- expanding nursing shared governance to interprofessional shared governance to ensure that bedside team members fully understand the scope of practice and any current issues within the full interdisciplinary team.
Partnering for transformation
To meet our current healthcare challenges, such as patient care complexity and Value-Based Purchasing, maximizing the value of healthcare human resources has never been more critical. The IOM's 2015 Assessing Progress on the IOM Report Future of Nursing asserts that it's time to let go of the “captain of the ship” mentality and embrace an “all hands on deck” philosophy.18 Nurses working at top of license can be essential partners in the transformation of healthcare.
Top-of-license practice history
- Beginnings of nursing care delivery (mid-1850s). One of the most obvious drivers of today's top-of-license issues for the clinical nurse is that nursing formalized as a profession in the mid-1850s, well before its current peers of physical therapy (1920s), respiratory therapy (1950s), and others.3 Because of the lack of other healthcare professions during its inception, nursing provided all of the care that patients needed, except for direct medical interventions, thus operating without the capability to perform at top of license. Performing a multitude of tasks doesn't allow for time to function at peak role. During this early period of nursing, performing tasks was a primary focus, with functional and team nursing the most common systems of care delivery.
- The shift to primary care nursing (1970s). A shift began about 40 years ago when primary nursing became a prominent concept in the organization of nursing care at the bedside, reducing the “producing the widget” mentality of the original nursing care delivery systems. The article “Primary Nursing: A Return to the Concept of ‘My Nurse’ and ‘My Patient’” emphasized the gains for the nurse-patient relationship inherent in primary nursing.4 Although many nurses found the model professionally rewarding, a cost came from not recognizing the rest of the growing healthcare team who could assist nursing in administering care. In today's complex healthcare environment, this care delivery model doesn't foster top-of-license practice because “being everything to every patient” doesn't allow nurses the time for this to occur.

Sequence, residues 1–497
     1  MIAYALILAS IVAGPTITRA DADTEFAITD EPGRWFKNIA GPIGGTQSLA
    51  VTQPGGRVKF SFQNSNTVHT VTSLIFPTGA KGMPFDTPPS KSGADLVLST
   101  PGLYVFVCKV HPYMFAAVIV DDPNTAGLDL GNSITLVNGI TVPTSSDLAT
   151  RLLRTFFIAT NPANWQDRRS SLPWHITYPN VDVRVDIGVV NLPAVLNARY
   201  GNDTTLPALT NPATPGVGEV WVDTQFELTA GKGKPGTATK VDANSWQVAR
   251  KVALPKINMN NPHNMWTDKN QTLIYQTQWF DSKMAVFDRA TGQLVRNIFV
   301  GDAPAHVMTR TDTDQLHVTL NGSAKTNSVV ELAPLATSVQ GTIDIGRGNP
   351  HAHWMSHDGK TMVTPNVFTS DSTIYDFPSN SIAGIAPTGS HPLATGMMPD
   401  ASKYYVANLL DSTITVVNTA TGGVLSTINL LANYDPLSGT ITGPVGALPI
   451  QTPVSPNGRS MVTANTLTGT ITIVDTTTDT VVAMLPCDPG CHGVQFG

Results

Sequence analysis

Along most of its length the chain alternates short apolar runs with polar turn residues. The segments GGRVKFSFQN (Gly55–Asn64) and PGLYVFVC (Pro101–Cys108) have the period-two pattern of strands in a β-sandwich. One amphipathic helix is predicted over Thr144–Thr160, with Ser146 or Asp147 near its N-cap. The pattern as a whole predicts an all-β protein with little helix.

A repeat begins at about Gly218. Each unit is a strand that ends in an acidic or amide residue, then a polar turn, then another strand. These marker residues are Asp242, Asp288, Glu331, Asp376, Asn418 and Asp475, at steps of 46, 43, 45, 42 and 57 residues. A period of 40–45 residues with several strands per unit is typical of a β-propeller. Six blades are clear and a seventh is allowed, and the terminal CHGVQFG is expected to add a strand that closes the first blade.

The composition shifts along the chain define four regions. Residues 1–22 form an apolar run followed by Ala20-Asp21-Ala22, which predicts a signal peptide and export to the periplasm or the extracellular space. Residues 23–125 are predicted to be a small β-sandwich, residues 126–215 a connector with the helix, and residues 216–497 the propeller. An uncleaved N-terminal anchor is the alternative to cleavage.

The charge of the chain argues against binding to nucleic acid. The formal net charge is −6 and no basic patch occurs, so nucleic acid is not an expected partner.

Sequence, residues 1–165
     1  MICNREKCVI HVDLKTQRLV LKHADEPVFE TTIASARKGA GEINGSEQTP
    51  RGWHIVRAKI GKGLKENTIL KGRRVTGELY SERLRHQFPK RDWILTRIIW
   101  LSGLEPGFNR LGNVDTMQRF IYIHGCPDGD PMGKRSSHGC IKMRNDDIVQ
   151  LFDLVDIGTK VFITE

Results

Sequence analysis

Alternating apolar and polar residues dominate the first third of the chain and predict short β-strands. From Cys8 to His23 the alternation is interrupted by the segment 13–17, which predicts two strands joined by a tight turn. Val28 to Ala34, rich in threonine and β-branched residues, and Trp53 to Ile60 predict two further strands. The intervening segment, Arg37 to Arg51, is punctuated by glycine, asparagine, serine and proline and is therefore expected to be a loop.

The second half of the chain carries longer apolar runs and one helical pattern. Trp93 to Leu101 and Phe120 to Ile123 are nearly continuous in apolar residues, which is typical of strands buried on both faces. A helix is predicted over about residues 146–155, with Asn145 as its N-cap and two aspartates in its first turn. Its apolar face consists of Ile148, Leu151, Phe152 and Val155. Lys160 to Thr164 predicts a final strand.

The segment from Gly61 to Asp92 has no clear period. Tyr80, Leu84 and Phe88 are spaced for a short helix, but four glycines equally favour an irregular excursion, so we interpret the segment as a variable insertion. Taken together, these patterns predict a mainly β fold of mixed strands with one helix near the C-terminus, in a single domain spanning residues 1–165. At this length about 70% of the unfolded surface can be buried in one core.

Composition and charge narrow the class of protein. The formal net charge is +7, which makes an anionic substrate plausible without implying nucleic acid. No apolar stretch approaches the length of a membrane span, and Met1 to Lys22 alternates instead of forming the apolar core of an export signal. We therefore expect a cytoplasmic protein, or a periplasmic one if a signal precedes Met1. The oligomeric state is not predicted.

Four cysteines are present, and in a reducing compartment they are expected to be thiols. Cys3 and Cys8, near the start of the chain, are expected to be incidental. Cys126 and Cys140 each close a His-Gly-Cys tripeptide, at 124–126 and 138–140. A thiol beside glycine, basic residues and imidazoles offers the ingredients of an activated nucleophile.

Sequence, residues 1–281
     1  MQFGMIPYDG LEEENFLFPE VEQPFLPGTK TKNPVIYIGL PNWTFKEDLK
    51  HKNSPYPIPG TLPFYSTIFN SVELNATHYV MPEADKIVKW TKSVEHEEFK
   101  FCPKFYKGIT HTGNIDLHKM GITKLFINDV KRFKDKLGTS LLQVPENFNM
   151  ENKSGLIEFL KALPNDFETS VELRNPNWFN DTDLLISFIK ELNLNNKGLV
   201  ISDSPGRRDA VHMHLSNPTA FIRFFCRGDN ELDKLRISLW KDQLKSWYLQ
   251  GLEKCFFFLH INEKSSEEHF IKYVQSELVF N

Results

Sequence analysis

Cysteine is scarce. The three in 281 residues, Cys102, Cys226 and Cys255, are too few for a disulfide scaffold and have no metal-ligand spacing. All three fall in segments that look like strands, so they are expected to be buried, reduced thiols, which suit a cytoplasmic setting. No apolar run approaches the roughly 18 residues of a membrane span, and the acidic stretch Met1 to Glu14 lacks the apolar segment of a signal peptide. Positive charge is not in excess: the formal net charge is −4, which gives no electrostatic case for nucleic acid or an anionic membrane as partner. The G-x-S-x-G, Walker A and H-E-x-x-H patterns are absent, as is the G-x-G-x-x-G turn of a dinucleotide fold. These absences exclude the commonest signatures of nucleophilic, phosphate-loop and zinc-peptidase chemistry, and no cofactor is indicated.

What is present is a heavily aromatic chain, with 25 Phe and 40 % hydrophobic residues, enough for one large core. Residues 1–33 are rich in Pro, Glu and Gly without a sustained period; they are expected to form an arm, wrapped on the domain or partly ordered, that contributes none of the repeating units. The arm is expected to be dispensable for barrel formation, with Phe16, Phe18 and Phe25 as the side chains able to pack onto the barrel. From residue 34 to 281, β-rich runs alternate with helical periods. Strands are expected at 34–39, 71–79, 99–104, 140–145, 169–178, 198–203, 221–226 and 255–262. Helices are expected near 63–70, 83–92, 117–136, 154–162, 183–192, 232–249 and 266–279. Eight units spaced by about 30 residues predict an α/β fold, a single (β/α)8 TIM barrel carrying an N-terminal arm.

- Top-of-license challenges (1990s). In the mid-1990s, as the nursing workforce was strengthened, some healthcare professionals felt threatened by the movement to increase nursing resources. Because operating at top of license is dependent on interprofessional cooperation, this was a major deterrent to its realization.
- Beginnings of the NP role (1960s). The NP role was first implemented to fill unmet healthcare needs, primarily for those in underserved rural and inner cities communities.5 Although there were precursors in nursing's history, this represented a successful formal effort to expand the scope of nursing practice. The NP role, as conceptualized by Ford in 1965, was designed to be one of collaboration and collegiality with the physician and not as a substitute for the physician.6 Although the NP role was welcomed by overburdened physicians in rural settings, organized medicine saw the new NP role as presenting major boundary issues. This led to efforts to control the expanded scope of nursing practice by imposing a variety of practice restrictions.5,7,8
- Expansion of the NP role (2000s). Since the first NP certificate program was offered in 1965 in Colorado, there has been rapid growth in the number of NPs, with a reported 205,000 nurses holding NP licenses in 2014. Of these, more than 83% see patients covered by Medicare and Medicaid, 97.2% prescribe medications, and 44.8% have hospital privileges.9 Today, NPs are increasingly delivering primary care in the United States alongside their physician and physician assistant colleagues.1 Advanced nursing practice offers great promise in meeting the growing need for healthcare, as access to care is expanded under the Affordable Care Act.